January 22, 1926

REPORTS


Report of the Superintendent of Insurance on loan and trust companies for the year ended December 31, 1924; report of the Superintendent of Insurance on civil service insurance for the year ended March 31, 1925; report of the Ottawa Improvement Commission for the year ended March 31, 1925 Hon. Mr. Robb.


AUDITOR GENERAL'S REPORT


On the Orders of the Day: HENRY DRAYTON (West York): Mr. Speaker, might I ask my hon, friend the Minister of Finance (Mr. Robb) when we may expect the Auditor General's report?


LIB

James Alexander Robb (Minister of Trade and Commerce; Minister of Finance and Receiver General)

Liberal

Hon. J. A. ROBB (Minister of Finance):

Mr. Speaker, about a week ago I directed the attention of the Auditor General to the fact that the time had elapsed for the tabling of his report. He replied that owing to circumstances over which he had no control-

Topic:   AUDITOR GENERAL'S REPORT
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CON
LIB

James Alexander Robb (Minister of Trade and Commerce; Minister of Finance and Receiver General)

Liberal

Mr. ROBB:

-the report was delayed, but that he was using every effort to have it ready for tabling. In justice to the Auditor General I think I should remind hon. members that parliament this year was called earlier than usual.

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ALBERTA COAL-TRANSPORTATION


On the Orders of the Day:


CON

Richard Bedford Bennett

Conservative (1867-1942)

Hon. R. B. BENNETT (West Calgary):

Mr. Speaker, I desire to ask my hon. friend the Minister of the Interior (Mr. Stewart) as to what steps have been taken to ensure the movement of coal from Alberta to Ontario. Last session a sum of money was made available for the purpose of ascertaining the exact cost per ton of transporting coal from the west to the east and to meet any deficit that might arise by reason of the transportation costs being greater than $7 per ton. Large quantities of coal are now obtainable, in fact I am advised that 100,000 tons could be supplied in three weeks if that quantity could be used in central Canada. I understand that the National Railway management did not avail itself of the $25,000 subvention voted by parliament. If a rate of $7 per ton could be assured for future shipments beyond the 25,000 tons that has been or is about to be moved, and that has not absorbed any part of that subvention, there would be a ready market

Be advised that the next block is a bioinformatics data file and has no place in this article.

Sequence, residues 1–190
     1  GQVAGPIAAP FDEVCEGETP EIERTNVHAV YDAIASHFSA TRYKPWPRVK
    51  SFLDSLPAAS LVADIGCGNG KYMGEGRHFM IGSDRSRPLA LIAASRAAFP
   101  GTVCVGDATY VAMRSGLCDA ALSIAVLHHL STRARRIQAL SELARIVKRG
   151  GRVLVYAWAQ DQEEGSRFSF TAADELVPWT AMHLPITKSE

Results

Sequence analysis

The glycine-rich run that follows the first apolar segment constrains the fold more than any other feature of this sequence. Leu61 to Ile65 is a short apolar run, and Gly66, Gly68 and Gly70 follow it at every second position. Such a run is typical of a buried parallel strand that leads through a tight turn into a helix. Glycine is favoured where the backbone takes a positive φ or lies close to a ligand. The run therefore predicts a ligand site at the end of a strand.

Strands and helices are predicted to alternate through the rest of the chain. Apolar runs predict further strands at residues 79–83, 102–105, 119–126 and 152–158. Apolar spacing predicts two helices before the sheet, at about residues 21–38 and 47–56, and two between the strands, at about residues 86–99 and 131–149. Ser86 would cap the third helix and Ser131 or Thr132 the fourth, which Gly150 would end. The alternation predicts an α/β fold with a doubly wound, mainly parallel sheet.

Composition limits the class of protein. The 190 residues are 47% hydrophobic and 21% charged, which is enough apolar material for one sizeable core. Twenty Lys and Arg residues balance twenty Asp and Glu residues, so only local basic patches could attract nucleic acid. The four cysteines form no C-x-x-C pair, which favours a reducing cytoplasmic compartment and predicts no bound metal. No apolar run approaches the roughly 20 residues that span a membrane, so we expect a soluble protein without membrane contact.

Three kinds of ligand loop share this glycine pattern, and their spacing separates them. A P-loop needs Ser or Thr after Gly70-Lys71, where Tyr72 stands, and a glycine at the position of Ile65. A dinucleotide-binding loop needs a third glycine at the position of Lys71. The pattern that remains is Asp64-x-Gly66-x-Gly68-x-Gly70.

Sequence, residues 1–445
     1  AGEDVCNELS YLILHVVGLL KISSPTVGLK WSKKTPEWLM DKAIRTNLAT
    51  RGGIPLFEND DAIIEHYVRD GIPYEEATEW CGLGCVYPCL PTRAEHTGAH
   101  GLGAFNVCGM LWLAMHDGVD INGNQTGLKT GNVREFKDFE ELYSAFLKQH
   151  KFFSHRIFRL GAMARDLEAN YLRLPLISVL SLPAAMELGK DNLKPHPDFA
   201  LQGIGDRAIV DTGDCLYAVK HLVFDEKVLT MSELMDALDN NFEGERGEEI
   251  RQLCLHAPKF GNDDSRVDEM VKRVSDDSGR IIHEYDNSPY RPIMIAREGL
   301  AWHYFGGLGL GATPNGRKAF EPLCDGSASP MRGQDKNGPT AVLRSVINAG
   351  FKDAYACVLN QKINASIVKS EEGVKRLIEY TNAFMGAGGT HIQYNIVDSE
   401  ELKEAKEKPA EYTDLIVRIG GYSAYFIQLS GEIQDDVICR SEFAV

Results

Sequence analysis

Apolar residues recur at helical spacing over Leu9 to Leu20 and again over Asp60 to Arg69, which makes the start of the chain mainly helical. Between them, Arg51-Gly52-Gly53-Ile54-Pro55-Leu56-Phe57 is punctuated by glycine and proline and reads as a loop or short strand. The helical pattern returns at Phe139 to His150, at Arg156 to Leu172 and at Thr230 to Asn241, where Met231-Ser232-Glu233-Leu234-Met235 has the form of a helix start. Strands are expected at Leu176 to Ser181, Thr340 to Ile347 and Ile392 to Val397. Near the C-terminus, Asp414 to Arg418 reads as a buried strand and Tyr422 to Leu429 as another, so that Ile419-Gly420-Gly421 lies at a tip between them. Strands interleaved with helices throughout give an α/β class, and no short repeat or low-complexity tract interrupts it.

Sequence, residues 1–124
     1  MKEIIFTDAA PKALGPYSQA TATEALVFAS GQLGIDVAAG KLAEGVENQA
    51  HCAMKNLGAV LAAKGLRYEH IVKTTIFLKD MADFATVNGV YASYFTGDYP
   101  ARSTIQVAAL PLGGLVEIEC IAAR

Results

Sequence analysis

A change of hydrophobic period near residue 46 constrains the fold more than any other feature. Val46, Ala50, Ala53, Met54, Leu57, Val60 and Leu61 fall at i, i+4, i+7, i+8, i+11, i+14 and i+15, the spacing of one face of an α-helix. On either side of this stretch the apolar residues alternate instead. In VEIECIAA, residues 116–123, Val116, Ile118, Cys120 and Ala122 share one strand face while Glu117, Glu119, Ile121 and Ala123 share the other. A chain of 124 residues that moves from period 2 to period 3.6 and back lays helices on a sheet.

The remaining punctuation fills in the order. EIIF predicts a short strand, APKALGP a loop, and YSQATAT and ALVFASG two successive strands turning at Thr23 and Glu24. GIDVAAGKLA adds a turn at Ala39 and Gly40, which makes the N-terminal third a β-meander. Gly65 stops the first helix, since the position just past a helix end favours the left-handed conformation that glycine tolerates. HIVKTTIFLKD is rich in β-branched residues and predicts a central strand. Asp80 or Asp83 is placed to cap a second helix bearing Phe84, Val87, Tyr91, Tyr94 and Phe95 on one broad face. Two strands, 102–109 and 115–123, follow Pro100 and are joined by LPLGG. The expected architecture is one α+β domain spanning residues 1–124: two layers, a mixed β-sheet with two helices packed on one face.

Chicago Drainage Canal

for large quantities of coal in central Canada. If the hon. minister has any observations to make they will be gratefully received by those who are actively interested in coal production in Alberta.

Topic:   ALBERTA COAL-TRANSPORTATION
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LIB

Charles A. Stewart (Minister of Immigration and Colonization; Minister of Mines; Minister of the Interior; Superintendent-General of Indian Affairs)

Liberal

Hon. CHARLES STEWART (Minister of the Interior):

Mr. Speaker, it is quite correct .that last year parliament voted $25,000 for the specific purpose of moving a quantity of coal from Alberta to Ontario, which movement was to be of the nature of a test. A careful accounting of the transportation costs was to be kept by a nominee of the Alberta government. Arrangements were all completed, as I understood the matter both from Sir Henry Thornton and Premier Greenfield, and the government of Canada was to contribute $1 a ton if the rate should be $8; if it should be $9, the Alberta government was to contribute the other dollar, making $2 in all. However, just before the inception of the movement the railway company handled the 25,000 tons without calling upon either government to make good any loss that might accrue. Therefore that money has not been used for the purpose for which it was voted.